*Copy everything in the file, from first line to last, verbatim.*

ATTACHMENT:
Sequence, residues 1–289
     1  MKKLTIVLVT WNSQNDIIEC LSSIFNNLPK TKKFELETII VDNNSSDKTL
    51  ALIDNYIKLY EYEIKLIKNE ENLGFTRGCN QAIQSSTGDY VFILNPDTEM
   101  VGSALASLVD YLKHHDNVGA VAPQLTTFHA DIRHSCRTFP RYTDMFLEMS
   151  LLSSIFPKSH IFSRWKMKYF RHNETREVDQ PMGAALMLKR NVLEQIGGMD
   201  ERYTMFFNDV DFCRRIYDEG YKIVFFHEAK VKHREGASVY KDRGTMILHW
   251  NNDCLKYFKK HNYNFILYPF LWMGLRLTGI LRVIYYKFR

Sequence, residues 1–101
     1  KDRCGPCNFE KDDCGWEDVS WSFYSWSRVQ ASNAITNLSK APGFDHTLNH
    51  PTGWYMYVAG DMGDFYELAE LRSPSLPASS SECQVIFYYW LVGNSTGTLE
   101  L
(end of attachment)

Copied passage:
Sequence, residues 1–289
     1  MKKLTIVLVT WNSQNDIIEC LSSIFNNLPK TKKFELETII VDNNSSDKTL
    51  ALIDNYIKLY EYEIKLIKNE ENLGFTRGCN QAIQSSTGDY VFILNPDTEM
   101  VGSALASLVD YLKHHDNVGA VAPQLTTFHA DIRHSCRTFP RYTDMFLEMS
   151  LLSSIFPKSH IFSRWKMKYF RHNETREVDQ PMGAALMLKR NVLEQIGGMD
   201  ERYTMFFNDV DFCRRIYDEG YKIVFFHEAK VKHREGASVY KDRGTMILHW
   251  NNDCLKYFKK HNYNFILYPF LWMGLRLTGI LRVIYYKFR

Sequence, residues 1–101
     1  KDRCGPCNFE KDDCGWEDVS WSFYSWSRVQ ASNAITNLSK APGFDHTLNH
    51  PTGWYMYVAG DMGDFYELAE LRSPSLPASS SECQVIFYYW LVGNSTGTLE
   101  L